When you sell a house that does not serve as your primary residence, typically you must pay taxes on the sale of that house, just as you would for any other investment. If that house comes from an estate trust, taxes may still be due, but the taxation of that house has a different basis.
If you buy a house for investment purposes and make a profit when you sell, you must pay capital gains taxes on the difference between the purchase price of that house and the original purchase price of the house. However, if you take ownership of a house through a trust the house changes value upon inheritance. The house is appraised at its current market value on the day of the original owner’s death, and that becomes the basis for determining profits.
If you sell a house from a trust immediately at the appraised fair market value for the house, that sale is considered an even sale. Regardless of the fact that the house likely gained value during the life of the original owner, that gain has no effect on the current standing of the house. Because the house made no profit as far as the current market value appraisal, the house’s current owner, the person who inherited the house from the trust, does not owe any taxes on the sale.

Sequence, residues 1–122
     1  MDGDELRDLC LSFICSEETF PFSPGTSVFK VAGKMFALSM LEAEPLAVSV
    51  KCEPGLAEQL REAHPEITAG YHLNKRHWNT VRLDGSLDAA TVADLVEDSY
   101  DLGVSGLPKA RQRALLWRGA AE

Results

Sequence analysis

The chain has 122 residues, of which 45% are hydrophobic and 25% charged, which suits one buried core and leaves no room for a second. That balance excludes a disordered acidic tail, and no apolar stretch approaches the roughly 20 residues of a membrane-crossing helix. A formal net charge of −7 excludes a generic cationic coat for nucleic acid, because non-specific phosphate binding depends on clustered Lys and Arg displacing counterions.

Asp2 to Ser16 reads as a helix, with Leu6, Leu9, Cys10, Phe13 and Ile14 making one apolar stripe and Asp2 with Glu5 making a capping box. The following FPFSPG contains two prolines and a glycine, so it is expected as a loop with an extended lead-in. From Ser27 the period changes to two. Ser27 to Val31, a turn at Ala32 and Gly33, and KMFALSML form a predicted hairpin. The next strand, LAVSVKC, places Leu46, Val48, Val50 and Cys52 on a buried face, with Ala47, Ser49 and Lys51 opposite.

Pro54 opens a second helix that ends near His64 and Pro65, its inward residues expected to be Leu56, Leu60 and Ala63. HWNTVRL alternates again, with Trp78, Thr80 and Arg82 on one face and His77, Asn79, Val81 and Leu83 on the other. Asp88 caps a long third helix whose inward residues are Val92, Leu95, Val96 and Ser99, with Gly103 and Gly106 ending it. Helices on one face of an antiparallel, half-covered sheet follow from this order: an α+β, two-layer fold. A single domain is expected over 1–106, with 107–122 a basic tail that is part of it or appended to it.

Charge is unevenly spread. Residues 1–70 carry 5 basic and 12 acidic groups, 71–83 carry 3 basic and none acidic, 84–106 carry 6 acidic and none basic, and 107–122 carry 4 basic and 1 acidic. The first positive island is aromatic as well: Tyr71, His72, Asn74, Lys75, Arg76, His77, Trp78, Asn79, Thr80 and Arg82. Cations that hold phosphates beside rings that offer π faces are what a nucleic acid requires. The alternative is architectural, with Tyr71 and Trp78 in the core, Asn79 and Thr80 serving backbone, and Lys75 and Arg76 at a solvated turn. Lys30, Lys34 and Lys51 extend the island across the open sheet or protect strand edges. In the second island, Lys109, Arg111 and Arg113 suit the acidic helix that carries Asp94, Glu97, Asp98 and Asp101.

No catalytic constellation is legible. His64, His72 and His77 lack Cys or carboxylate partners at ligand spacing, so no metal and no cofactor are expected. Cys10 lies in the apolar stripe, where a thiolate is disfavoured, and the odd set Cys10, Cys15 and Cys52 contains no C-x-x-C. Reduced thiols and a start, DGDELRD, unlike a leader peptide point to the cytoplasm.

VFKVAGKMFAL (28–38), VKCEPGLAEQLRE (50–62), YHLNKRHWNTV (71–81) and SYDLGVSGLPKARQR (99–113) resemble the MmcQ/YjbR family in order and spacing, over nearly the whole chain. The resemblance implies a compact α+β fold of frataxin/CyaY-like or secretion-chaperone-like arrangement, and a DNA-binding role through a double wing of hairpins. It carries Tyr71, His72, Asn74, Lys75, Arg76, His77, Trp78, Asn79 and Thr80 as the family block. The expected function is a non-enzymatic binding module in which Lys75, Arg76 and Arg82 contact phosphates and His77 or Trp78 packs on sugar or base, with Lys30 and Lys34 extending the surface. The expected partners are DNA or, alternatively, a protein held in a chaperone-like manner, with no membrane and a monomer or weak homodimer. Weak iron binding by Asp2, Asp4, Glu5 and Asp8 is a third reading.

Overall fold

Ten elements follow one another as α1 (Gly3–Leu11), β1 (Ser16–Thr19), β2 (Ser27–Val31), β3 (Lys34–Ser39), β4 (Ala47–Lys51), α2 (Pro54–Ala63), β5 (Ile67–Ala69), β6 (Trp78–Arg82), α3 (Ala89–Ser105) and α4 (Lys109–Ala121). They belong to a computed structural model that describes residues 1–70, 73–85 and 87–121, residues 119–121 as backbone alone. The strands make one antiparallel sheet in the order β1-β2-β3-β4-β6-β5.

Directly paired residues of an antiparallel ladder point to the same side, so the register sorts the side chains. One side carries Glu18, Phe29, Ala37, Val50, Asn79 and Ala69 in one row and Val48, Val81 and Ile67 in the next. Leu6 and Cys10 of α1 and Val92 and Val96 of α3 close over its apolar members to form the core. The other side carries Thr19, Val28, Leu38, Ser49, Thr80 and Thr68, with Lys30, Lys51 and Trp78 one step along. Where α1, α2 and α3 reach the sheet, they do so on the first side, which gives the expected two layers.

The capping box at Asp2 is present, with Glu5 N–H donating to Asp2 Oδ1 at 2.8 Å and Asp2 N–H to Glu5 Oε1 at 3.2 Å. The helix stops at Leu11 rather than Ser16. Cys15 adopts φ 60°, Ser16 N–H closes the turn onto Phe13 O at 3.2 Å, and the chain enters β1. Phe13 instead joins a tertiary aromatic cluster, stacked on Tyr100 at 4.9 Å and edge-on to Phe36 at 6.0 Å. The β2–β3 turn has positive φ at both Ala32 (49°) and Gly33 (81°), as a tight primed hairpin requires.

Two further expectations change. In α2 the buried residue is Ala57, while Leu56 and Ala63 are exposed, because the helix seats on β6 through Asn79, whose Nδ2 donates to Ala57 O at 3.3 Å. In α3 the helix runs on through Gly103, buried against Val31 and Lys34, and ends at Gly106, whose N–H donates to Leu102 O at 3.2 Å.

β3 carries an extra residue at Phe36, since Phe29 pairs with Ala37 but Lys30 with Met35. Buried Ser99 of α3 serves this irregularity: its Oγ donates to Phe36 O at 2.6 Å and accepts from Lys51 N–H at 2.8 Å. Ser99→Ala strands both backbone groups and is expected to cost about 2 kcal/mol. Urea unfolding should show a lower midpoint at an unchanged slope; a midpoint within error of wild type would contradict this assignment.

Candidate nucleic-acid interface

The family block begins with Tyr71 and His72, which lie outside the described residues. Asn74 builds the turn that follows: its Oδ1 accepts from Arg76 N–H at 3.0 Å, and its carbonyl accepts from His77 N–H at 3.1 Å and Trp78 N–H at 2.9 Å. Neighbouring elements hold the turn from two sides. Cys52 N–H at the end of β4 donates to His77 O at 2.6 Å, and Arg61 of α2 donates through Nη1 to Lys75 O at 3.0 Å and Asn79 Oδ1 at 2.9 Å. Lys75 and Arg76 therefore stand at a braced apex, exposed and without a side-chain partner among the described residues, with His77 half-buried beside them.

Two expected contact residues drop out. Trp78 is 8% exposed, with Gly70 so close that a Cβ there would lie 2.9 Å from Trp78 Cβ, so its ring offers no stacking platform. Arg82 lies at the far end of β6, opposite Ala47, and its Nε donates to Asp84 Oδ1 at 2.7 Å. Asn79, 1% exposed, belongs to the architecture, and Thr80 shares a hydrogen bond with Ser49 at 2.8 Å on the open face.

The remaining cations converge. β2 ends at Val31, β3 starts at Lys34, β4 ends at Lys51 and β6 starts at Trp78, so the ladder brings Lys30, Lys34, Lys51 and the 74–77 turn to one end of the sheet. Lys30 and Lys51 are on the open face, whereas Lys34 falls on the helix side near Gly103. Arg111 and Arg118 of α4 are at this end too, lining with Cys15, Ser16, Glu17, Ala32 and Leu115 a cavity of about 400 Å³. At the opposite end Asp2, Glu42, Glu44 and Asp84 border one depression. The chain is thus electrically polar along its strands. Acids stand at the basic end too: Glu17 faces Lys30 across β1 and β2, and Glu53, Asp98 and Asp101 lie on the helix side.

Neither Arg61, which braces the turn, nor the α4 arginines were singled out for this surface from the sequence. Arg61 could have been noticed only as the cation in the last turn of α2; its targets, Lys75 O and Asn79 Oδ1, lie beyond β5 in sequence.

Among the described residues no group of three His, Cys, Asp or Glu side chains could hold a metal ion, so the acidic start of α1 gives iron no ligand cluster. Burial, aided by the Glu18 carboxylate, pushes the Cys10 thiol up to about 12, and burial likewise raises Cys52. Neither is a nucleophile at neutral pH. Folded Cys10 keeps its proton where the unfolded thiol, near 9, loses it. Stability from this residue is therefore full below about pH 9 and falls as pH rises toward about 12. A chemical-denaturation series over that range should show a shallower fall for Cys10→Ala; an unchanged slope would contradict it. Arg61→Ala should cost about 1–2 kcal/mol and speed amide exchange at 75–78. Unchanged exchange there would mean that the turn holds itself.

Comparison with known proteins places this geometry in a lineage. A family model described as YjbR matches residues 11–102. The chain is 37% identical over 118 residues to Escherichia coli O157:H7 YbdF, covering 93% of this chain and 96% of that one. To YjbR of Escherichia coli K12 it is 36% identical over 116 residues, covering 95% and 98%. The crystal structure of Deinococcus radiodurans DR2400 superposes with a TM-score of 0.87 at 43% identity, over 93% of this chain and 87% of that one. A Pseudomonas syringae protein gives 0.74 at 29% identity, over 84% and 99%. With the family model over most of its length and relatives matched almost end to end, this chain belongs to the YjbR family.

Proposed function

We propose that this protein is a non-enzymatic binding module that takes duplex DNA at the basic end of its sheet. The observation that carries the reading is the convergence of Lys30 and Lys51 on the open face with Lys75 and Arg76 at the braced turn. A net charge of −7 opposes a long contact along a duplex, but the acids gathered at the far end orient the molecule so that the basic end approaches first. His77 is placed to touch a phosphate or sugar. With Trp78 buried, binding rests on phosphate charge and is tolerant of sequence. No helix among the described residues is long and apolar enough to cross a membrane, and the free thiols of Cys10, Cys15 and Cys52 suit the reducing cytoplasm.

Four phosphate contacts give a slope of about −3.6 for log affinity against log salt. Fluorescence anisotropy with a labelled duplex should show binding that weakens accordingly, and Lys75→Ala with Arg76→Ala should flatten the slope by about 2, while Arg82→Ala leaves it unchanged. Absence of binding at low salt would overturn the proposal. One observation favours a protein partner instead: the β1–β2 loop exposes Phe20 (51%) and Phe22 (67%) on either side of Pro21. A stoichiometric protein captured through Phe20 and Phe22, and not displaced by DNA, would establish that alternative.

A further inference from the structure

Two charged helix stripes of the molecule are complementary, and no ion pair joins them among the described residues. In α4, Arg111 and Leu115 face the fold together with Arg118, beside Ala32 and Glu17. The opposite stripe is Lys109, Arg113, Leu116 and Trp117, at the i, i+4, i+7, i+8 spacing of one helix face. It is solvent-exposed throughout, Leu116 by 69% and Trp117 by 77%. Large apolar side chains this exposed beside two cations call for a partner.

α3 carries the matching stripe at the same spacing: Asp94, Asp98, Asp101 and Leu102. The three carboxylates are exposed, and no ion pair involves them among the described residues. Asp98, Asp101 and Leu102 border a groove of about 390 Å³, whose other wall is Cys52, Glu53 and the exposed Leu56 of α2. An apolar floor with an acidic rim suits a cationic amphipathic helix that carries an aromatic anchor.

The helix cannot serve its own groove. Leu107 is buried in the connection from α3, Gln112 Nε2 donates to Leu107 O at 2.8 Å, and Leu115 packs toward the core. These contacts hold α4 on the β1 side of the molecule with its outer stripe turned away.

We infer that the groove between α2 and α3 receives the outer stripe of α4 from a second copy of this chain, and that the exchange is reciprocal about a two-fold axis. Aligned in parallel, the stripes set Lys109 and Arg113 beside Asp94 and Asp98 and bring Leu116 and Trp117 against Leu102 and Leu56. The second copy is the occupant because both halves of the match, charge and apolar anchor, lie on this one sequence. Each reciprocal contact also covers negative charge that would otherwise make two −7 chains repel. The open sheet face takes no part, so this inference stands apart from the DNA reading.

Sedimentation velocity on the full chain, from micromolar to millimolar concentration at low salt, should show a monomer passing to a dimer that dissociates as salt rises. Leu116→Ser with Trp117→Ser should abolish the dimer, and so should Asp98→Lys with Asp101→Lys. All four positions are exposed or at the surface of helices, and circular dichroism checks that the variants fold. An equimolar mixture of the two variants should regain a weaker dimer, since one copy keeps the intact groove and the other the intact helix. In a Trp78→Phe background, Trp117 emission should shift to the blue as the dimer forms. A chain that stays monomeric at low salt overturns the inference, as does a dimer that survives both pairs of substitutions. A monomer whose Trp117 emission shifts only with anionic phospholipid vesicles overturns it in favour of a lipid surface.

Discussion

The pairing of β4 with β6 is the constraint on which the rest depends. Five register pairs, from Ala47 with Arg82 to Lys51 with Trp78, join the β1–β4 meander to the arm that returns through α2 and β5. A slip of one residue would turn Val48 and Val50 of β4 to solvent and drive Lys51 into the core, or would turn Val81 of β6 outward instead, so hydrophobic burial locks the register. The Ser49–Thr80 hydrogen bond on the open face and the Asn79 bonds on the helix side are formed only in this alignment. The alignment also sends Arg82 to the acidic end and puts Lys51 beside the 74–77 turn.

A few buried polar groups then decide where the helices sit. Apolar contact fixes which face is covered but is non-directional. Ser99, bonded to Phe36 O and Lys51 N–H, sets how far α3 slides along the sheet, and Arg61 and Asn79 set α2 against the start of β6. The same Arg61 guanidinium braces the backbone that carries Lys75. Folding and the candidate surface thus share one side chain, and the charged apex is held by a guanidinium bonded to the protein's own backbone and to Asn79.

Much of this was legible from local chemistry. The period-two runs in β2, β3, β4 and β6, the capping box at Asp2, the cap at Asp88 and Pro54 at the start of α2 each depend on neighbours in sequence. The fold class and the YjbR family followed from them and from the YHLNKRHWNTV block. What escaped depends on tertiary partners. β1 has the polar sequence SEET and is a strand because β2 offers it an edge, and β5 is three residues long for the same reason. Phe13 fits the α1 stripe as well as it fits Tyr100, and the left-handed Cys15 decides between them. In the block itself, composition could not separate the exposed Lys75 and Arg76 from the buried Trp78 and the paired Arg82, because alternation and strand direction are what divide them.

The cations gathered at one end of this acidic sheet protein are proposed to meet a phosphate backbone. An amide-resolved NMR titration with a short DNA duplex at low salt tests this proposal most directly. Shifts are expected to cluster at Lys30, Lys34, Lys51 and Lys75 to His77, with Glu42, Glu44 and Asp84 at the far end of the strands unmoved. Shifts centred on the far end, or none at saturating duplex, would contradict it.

Sold Below Value
In a bad real estate market, it may not be easy to sell a house from a trust for the current appraised value of that house. In that case, the person who inherits a house may choose to sell the house for less than the house is worth on the current market. When this happens, the difference between the selling price of the house and the appraised value of the house is considered a capital loss. The person who sells the house from the trust can declare this loss on his personal tax return, and use it to offset gains.
If you inherit a house from trust while in a seller’s market, or in an area where the housing market remains competitive, you can sell the house for an immediate profit. If the house sells for more than the appraised value at the time of the owner’s death, you must declare this profit as a capital gain on your tax return.